Fairville Inn, in Chadds Ford, Pennsylvania

Fairville Inn, in Chadds Ford, Pennsylvania
The Brandywine Valley packs an astonishing array of history, art, estates and gardens into its 20-mile length. You could easily drive north from Wilmington, Delaware to Kennett Square, Pennsylvania on the route designated as the Brandywine Valley Scenic Byway in less than half an hour.

That’s if you don’t stop to explore its treasures, of course. If you stop it could easily take a week to tour the four antiques-filled mansions, their gardens, the vast duPont industrial estate and its museums, an art museum and its historic studios, and a Revolutionary War battlefield. That’s without stopping at any of the antique shops and galleries that line the roads.

This was clearly not a day’s jaunt, so we settled into a comfortable suite right in the middle of all this sightseeing overload, at Fairville Inn, in Chadds Ford, PA. Our spacious suite was in the Carriage House, just behind the main inn, which occupies a gracious early 19th-century home that’s listed on the National Register of Historic Places.

The large bedroom allowed plenty of space for the king-sized canopy bed and a seating area with wing chairs and a love-seat facing a fireplace. A smaller sitting room had a love seat (that could be made into another bed) and a desk and chair. Large widows in both rooms looked out across the gardens to a woodland.

The bathroom was large with two sinks in the wide vanity, and the walk-in closet was large enough that we could leave our luggage inside, open on the two racks provided.

Breakfast was served in the sun-filled dining room of the main house. Each morning we were offered a choice of several cooked-to-order specials. Over the course of our stay these included, among other entrees, crustless quiche, frittata, oven French toast, and pancakes. Breakfast began with fresh fruit and hot muffins, and there was a good selection of teas.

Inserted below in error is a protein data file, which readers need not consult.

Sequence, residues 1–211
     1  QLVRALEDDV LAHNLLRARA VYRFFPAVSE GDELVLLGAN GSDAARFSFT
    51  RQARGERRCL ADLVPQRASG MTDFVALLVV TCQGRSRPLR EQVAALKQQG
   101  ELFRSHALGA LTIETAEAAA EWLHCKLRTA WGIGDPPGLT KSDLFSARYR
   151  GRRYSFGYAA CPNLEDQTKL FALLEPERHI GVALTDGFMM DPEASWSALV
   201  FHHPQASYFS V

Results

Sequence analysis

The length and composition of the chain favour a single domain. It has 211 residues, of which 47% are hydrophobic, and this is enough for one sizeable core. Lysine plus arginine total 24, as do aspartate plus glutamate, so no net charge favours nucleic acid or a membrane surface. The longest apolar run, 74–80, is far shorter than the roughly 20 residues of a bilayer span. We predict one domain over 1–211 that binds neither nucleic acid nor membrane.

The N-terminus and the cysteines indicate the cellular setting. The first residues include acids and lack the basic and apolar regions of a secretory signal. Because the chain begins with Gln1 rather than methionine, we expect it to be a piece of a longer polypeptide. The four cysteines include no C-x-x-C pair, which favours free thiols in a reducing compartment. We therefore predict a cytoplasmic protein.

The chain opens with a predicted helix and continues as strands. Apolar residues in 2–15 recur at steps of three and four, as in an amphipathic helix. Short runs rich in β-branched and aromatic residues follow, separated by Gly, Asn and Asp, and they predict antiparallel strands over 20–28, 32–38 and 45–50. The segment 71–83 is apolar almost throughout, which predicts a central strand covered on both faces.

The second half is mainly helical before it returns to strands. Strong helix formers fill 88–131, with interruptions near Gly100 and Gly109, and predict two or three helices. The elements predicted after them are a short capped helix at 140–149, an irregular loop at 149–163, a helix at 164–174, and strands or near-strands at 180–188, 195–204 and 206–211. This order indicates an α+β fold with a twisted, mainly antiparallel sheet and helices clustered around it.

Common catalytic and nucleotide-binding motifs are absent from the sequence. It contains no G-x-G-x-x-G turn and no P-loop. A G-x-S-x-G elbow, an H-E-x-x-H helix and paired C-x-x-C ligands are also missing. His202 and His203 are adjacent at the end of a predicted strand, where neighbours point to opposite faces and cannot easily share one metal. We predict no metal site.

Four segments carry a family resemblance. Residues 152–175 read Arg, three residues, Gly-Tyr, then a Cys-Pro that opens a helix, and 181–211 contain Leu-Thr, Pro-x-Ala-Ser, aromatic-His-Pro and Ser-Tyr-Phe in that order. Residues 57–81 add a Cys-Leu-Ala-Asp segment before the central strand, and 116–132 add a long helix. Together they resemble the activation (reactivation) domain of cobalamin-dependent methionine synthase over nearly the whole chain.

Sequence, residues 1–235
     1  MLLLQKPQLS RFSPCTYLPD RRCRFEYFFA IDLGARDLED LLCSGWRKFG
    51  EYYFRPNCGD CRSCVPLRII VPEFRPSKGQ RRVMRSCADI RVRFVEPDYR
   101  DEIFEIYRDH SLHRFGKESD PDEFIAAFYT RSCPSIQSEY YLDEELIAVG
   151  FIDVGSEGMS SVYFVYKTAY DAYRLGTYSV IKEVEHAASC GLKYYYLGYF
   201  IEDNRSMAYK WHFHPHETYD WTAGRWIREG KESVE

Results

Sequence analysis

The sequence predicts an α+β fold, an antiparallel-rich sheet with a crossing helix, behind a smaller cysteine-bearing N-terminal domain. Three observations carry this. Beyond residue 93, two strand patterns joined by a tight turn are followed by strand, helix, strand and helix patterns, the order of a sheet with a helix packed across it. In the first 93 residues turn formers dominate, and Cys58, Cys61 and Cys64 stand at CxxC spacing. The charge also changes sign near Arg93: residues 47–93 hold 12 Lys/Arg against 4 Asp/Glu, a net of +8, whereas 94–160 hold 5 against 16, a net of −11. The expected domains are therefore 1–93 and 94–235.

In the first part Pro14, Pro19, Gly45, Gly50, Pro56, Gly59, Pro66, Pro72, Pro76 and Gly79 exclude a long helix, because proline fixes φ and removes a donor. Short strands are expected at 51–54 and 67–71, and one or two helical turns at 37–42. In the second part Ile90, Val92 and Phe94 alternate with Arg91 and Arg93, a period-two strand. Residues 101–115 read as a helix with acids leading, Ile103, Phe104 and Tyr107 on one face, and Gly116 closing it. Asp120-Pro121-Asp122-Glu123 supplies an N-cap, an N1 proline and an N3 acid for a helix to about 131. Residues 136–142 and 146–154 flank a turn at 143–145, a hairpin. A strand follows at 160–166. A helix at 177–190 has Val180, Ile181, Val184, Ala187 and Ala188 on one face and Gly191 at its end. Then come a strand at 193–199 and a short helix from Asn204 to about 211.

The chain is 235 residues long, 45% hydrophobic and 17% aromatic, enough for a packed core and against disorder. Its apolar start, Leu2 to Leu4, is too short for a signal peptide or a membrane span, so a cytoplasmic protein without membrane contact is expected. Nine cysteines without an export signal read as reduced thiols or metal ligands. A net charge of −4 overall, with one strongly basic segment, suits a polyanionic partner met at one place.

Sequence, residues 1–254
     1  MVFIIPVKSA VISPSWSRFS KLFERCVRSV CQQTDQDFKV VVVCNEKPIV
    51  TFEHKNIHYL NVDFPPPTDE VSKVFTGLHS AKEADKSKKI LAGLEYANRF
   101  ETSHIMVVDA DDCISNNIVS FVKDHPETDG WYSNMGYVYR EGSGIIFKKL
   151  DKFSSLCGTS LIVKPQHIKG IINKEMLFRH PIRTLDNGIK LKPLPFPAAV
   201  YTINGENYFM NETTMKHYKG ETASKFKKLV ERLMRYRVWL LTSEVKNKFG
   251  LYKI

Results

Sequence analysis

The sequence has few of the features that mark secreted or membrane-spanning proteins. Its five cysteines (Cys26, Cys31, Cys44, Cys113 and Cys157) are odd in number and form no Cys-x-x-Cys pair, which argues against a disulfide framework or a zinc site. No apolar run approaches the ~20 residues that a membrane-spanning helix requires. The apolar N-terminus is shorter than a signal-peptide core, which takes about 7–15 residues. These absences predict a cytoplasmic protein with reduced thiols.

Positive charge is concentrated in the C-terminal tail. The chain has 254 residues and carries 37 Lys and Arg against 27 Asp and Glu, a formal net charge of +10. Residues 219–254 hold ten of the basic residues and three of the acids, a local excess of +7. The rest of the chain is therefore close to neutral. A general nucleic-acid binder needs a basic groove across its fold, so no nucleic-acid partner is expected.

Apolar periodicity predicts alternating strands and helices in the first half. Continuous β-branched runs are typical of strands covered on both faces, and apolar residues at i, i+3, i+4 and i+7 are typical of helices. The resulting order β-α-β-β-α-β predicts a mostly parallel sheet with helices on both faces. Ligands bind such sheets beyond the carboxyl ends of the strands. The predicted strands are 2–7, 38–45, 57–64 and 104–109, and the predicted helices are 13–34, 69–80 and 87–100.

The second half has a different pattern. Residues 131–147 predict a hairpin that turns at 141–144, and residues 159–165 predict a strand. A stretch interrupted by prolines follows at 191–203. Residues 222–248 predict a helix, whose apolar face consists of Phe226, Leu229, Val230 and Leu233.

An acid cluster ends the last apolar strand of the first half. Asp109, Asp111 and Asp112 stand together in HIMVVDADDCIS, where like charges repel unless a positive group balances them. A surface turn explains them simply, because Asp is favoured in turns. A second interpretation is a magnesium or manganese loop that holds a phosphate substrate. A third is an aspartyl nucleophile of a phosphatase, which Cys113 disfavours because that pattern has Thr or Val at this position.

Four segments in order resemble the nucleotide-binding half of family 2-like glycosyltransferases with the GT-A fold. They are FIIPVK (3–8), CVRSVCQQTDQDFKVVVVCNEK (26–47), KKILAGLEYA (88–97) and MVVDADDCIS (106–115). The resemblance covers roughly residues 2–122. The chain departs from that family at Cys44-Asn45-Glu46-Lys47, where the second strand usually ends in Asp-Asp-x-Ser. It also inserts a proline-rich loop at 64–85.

Afternoon tea was also served daily in the dining room, where a table was spread with fresh-baked cookies, tartlets, bars, plus a selection of cheeses and crackers. The genial hosts were on hand to offer suggestions on local dining and the next day’s sightseeing. Guests could also find lots of information on local attractions in the parlor, where there were comfortable chairs and game tables.

A five-minute drive from the Fairiville Inn is Winterthur, the 175-room mansion that houses America’s preeminent collection of American decorative arts and furnishings. Of course we couldn’t see all 90,000 objects in the vast collections, but tours focus on one part of the house and tell the story of Henry Francis duPont’s passion for collecting and the mansion he built to house his treasures. Other tours choose specific themes to follow, and there are always special exhibits that showcase particular collections.

Also a five-minute drive from Fairville Inn, Longwood Gardens are a fantasy world of flowers and exotic plants, spread across 1,077 acres, of which four are covered by a gigantic conservatory that provides a year-round home to tropical plants and a venue for spectacular floral displays that change with the season. Outdoors are terraced gardens with pools and fountain shows, a topiary garden, formal beds, an arboretum and a number of specialty gardens.

Nemours Mansion and its exceptional formal gardens are 15 minutes from the inn. The 102-room mansion is styled after a French chateau, and the epitome of Gilded Age opulence. Also a 15-minute drive is Hagley, where the duPonts’ fortunes began with the manufacture of gunpowder along the banks of the Brandywine.

Even in a long weekend we couldn’t begin to see all the places of interest here. And having seen Longwood Gardens in only one season, we’ll certainly want to return there at another time of year. So it looks like we already have a full itinerary for a second visit to the Brandywine Valley and the Fairville Inn.




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Content copyright © 2018 by Barbara Radcliffe Rogers. All rights reserved.
This content was written by Barbara Radcliffe Rogers. If you wish to use this content in any manner, you need written permission. Contact Barbara Radcliffe Rogers for details.